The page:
In 2013, nearly 29,000 people received a second chance at life through the generosity of organ and tissue donors. Organ transplantation was made possible due to the pioneering work of Joseph E. Murray, MD, who performed the first successful human organ transplant in 1954 at Peter Bent Brigham Hospital, which later became Brigham and Women’s Hospital (BWH).

Dr. Murray received a Nobel Prize in 1990, in recognition of his contributions to the field of organ transplantation, including the development of immunosuppressive therapy to reduce organ rejection. Since that time, transplant specialists at BWH have achieved more firsts in organ transplantation in New England, including multiple organ transplants on the same day from an individual donor and multiple transplants on the same day from multiple donors.

Recently, BWH physicians achieved another transplant milestone by completing composite tissue allograft transplantation. This procedure allows surgeons to take something as complex as a face or arm and transplant it. In 2009, surgeons at BWH performed the first full face transplant in the U.S.

In this video, Michael J. Zinner, MD, Chairman, Department of Surgery, and Bohdan Pomahac, MD, Director, Center for Facial Restoration and Director, Burn Center, discuss transplant innovations at BWH over the past 60 years and the future of organ and tissue transplantation.

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Double Arm Transplant Candidate Hoping for Independence

Posted by Brigham and Women's Hospital July 16, 2014

Will Lautzenheiser has been approved as a candidate for a bilateral (double) arm transplant.

Brigham and Women’s Hospital (BWH) announced at a recent press conference that Will Lautzenheiser, 39, a former professor of film production and screenwriting at Boston University and Montana State University, has been approved as a candidate for a bilateral (double) arm transplant.

Will became a quadruple amputee in 2011, when doctors in Montana removed his limbs due to necrotizing fasciitis (flesh-eating disease), a life-threatening Group A streptococcal infection. Since that time, Will has struggled to manage with prosthetic (artificial) limbs.

“After losing my limbs, I haven’t been able to do anything spontaneously,” said Will. “It might take me 20 minutes to get dressed using prostheses.” He added that often “other people have to be my hands.”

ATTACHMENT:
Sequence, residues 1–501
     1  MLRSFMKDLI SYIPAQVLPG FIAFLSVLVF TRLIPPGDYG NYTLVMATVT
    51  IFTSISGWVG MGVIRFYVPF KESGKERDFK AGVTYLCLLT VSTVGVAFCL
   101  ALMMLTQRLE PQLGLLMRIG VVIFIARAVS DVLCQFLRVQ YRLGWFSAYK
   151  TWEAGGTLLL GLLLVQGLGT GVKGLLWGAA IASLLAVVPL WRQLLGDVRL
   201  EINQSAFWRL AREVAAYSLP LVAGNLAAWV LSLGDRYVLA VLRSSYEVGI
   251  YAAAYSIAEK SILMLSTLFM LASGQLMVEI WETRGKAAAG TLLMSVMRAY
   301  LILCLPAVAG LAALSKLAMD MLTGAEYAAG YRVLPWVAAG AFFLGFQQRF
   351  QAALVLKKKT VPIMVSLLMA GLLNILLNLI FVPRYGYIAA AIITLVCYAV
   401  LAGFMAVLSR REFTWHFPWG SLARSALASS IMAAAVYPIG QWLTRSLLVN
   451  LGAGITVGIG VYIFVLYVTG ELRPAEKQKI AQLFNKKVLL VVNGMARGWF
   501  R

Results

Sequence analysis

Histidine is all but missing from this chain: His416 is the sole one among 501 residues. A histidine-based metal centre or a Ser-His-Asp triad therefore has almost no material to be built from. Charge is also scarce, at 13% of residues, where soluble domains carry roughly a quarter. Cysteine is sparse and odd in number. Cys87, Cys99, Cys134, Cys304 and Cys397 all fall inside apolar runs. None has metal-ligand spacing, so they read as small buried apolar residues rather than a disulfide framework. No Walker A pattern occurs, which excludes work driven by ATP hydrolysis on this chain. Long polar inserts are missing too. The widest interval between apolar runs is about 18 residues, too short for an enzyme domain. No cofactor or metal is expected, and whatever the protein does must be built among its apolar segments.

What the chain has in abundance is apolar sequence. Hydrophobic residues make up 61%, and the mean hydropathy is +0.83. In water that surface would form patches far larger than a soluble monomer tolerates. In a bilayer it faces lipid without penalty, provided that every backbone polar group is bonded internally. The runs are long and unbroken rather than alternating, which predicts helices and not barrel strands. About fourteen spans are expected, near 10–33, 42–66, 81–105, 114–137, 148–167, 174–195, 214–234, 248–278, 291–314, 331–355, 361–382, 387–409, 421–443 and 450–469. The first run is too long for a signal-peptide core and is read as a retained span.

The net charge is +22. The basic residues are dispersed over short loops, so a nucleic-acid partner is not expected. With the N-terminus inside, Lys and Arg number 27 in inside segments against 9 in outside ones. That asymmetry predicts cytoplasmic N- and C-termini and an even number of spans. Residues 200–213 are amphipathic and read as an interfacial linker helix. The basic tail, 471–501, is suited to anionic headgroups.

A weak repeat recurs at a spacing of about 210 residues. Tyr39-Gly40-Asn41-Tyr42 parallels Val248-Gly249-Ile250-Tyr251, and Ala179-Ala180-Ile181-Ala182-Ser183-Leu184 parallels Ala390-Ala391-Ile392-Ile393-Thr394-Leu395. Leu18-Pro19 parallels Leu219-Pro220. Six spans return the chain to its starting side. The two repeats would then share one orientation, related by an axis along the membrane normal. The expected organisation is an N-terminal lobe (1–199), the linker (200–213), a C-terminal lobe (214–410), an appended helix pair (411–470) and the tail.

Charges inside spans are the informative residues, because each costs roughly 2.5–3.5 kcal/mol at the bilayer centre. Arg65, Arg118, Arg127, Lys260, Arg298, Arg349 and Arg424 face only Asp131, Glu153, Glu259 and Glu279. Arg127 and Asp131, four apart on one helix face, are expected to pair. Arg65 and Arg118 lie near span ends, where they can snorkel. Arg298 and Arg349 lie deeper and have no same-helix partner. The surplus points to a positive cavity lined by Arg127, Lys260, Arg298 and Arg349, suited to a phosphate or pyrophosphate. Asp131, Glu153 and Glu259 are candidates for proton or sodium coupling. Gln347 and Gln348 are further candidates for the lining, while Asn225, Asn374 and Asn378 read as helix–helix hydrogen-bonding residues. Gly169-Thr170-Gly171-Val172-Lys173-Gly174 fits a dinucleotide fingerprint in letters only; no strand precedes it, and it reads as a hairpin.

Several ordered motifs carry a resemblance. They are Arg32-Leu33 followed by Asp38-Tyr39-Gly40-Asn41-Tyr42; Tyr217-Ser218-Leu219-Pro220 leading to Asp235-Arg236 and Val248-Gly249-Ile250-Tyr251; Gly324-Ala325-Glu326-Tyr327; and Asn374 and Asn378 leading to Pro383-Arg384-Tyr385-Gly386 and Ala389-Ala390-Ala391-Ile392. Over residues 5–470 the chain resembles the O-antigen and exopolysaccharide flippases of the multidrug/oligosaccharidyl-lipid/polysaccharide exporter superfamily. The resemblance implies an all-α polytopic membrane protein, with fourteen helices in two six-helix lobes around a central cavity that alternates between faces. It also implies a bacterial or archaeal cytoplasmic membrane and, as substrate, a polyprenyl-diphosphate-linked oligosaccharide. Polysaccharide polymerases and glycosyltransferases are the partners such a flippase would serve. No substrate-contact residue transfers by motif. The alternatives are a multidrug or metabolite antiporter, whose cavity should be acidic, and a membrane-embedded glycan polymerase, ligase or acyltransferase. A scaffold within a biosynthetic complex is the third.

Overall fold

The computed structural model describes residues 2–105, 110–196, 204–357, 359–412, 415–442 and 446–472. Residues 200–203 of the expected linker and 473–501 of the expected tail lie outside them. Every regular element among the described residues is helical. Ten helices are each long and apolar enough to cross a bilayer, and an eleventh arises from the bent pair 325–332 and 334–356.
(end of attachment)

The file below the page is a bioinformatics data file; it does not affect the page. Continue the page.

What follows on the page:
A successful arm transplant, however, has the potential to significantly restore a patient’s self-reliance. “What we are hoping to provide is independence, something that no prosthesis really can achieve at the present time,” explained Dr. Bohdan Pomahac, Director of the BWH Plastic Surgery Transplantation Program.

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Face Transplants – New Key to Managing Rejection?

Posted by Brigham and Women's Hospital February 5, 2014

This image of a rejection episode demonstrates significant activity by donor immune cells (red) and recipient immune cells (green).

Physicians and researchers commonly have believed that the key to ensuring the long-term success of a face transplant is to prevent the recipient’s T cells (immune cells) from attacking T cells in the donated tissue. Recent Brigham and Women’s Hospital (BWH) research, however, has shown that donor T cells transferred as part of the face transplant may attack recipient T cells and, thus, also contribute significantly to rejection episodes – not just the other way around.

The BWH Restorative Surgery team, led by Dr. Bohdan Pomahac, has had great success in pioneering face transplantation, but they also acknowledge that there is much to learn. Determining how a recipient accepts or rejects a donated face and how to address rejection episodes are considered to be among their most important challenges.

Following a face transplant, or any type of human organ/tissue transplant, T cells from the recipient mount an immune response to the donated tissue, threatening its survival. Thus far, rejection episodes following face transplants at BWH have been controlled successfully through immunosuppression medication, enabling all our recipients to maintain acceptance of their transplanted face.

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Determining the Course of Medical Research – Final Nominee

Posted by Brigham and Women's Hospital October 18, 2013

Today’s video and Q&A features our third and last finalist in the 2013 Brigham and Women’s Hospital (BWH) BRIght Futures Prize competition, a research project from Bohdan Pomahac, MD, and Jeffrey Karp, PhD.